Aerial Photos Capture the Damage Left in the Wake of Colorado’s Fires and Floods


Over the course of 2013, the beautiful state of Colorado has been ravaged by many fires and, most recently, devastating flooding as well. When it comes to capturing this kind of mass-scale destruction in photographs, the best option is to take to the skies, which is exactly what aerial photographer and Colorado resident John Wark has been doing.

As wildfires and flooding took their turns on the Colorado landscape, Wark captured it all from his Husky A1, compiling all of the photos into two series titled Colorado Flood of 2013 and Colorado Wildfires.


There’s not many people who consider themselves strictly aerial photographers, but given Wark’s parentage it’s not a surprise — after all, it’s in his blood. His father, Jim Wark, made a name for himself as an aerial photographer capturing beautiful vistas across all 50 states. Some of his images even ended up on US postage stamps.

John began his photographic career on the ground as a commercial photographer, explaining to Wired that he didn’t get into flying until 20 years into his career — and even then, when he started he did it for fun, not photography.

Now spends much of his time in the air alternating between camera and control stick, and it was from there that he captured what he hopes are both artistic and documentary-style photographs of what has been going on in Colorado this year.

“I try to make everything visually artistic, not just a documentation of disasters,” he tells Wired. “If you want them to be widely appreciated, you have to compose them.”

Here’s a look at some of his compositions:














Fortunately for Wark, he can be out of his house and in the air in a total of about 20 minutes. He enjoys a kind of freedom and access that not many journalists get, and is often the first to photograph a scene from the air while news agencies are still scrambling to get airborne.

To see more of Wark’s aerial photography — be it more disaster photos or gorgeous aerial views of pristine Colorado landscape — head over to his website by clicking here.

(via Wired)

Image credits: Photographs by John Wark and used with permission.

  • Drake

    Let me start by saying that these are amazing photographs that people should see. People need to see the devastation that was caused by these natural disasters. However, I do not appreciate the advertisement you have included for the photographer. The written paragraphs, whether inspired by you or the photographer, make it seem like he is trying to profit from these photographs. He is using other peoples suffering for his own profits and that frankly pisses me off. Yes, I am personally invested in this as you have probably guessed. I live in Colorado Springs and the Waldo Canyon fire got within a quarter mile of my house. I was not close to the Black Forest fire, but knew many people who were. I also knew firefighters who were on the lines in both fires. For goodness sakes, hundreds and hundreds of people lost everything they had in these fires. Four people even lost their lives between the two fires. In the flooding, my in laws were stranded in Big Thompson Canyon for 2 days without any contact with the outside world. We had no idea if they were safe or not. By God’s grace, they and their house are safe, but there were hundreds more who lost everything in the floods and there were even more lives lost in the floods than the fires. Hopefully knowing the situation, you can see the frustration I have with someone trying to profit off of these photos. I get that he is running a business and needs to make money, but simply putting his name with a link to the website would have sufficed. The extra advertising darn sure makes it seem like his is trying to profit off of other people’s suffering.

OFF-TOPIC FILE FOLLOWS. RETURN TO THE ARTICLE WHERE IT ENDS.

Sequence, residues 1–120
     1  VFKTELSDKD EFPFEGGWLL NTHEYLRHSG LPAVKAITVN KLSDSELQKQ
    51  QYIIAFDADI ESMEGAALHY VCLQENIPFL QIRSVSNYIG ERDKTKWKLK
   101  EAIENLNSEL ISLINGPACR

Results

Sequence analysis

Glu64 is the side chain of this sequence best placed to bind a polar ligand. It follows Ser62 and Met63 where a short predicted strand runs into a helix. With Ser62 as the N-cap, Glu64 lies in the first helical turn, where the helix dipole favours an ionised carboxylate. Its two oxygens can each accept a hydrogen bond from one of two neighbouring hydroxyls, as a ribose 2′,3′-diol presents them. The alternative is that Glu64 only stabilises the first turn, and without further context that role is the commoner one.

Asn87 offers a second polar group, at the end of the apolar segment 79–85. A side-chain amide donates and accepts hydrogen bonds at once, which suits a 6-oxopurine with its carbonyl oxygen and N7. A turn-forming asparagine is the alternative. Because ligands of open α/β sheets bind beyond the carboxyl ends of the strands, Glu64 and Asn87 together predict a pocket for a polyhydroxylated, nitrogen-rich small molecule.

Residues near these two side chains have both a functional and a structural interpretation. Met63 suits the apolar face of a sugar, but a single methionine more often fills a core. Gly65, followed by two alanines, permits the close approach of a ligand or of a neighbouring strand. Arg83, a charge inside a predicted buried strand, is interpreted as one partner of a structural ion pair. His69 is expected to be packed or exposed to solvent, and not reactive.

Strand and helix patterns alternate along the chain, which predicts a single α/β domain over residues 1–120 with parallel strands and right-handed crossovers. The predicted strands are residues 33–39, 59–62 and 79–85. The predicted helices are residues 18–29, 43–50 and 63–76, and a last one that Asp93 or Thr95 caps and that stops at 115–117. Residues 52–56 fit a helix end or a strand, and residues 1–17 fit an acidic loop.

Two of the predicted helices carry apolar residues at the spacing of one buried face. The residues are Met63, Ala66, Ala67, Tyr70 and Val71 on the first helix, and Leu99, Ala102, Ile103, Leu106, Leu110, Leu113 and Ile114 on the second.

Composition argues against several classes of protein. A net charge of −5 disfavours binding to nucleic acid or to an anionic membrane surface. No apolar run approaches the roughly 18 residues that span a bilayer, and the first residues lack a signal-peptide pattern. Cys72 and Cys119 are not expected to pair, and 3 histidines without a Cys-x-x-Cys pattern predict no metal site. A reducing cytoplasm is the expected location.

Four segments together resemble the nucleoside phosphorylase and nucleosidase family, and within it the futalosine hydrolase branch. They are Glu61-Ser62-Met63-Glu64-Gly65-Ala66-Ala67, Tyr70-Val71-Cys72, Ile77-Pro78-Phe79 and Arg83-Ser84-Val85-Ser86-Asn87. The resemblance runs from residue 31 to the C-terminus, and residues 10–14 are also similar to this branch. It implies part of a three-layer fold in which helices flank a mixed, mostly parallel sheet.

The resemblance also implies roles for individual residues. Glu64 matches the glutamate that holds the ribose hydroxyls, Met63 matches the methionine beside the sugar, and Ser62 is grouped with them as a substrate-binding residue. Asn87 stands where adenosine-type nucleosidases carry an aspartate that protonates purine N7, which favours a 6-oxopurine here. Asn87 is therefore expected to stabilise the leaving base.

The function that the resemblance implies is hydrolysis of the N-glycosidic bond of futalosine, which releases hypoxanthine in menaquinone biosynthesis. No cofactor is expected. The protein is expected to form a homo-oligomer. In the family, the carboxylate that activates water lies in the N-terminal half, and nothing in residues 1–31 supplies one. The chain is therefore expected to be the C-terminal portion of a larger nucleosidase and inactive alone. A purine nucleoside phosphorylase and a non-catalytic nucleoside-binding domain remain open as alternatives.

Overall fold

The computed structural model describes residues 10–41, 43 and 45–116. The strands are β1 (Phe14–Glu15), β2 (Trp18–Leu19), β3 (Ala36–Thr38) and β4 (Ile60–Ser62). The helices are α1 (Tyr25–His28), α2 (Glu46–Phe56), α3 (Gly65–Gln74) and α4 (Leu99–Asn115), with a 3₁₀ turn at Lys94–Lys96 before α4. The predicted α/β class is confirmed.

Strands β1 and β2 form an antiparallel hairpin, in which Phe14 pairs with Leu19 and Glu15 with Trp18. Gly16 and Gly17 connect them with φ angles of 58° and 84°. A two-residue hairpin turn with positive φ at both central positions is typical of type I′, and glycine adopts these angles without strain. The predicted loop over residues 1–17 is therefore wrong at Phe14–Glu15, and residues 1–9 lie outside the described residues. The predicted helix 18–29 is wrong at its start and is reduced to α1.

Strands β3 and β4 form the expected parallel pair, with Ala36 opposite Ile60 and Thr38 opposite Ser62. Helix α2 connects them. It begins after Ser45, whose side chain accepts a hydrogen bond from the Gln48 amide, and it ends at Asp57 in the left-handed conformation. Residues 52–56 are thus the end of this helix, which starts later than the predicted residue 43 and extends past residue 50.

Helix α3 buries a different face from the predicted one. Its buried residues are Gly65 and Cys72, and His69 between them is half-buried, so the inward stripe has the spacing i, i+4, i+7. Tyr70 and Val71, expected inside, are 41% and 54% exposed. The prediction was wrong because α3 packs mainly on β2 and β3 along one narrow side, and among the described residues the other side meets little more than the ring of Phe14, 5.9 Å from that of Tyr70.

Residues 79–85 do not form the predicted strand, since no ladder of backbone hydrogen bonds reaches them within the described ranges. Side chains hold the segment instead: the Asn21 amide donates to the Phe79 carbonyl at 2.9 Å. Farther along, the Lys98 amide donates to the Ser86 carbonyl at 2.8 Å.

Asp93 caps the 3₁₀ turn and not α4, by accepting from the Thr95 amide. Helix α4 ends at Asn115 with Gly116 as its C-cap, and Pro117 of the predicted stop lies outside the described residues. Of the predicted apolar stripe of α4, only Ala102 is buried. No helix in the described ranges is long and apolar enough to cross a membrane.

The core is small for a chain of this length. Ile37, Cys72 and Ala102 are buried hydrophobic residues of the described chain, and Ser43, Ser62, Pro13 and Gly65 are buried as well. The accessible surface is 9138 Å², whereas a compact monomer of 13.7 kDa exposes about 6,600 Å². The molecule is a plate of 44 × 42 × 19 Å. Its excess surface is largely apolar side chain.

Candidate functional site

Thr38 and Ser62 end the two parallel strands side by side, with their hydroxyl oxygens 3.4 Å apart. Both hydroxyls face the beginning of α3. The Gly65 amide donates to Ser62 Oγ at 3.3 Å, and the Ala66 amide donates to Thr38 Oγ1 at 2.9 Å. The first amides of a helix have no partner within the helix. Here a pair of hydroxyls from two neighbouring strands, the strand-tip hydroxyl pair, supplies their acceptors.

• Carlee Keppler-Carson

    I will respectfully disagree with the assessment that the photographer’s comments or the link to his website is in an attempt to make a buck off of these disasters. Unlike many of the artists in the area who are in fact profiting (along with shady contractors) from their work in the aftermath of these events, cashing in on disaster porn. Photographers whose images are documentary or journalistic in nature are shooting not only for themselves in that moment, but for the news outlets. If it wasn’t for his unique perspective we would not have these or many other incredible images over the decades. I know that the ‘income’ in selling to outlets is extremely minimal and in some instances there is the incentive to get the image out as quickly as possible as a public service. With the advent of cell phones and cameras we are just beginning to see in far more depth what it is like on the front lines, both in battlefield situations and in natural disasters, where in the past the reliance was on the happenstance or chance of a photographer being on the scene. As a photographer with all the necessary credentials In the fire events in Colorado the last several years, I was greatly conflicted as to what I wanted to see and/or do regarding my photos, and none had anything to do with making a profit, as I said above unlike several painters in the area. But with Wark’s photos I was not only astounded by the surreal feeling of the area from his perspective, but was also able to determine that the home my children grew up in was destroyed, both educational.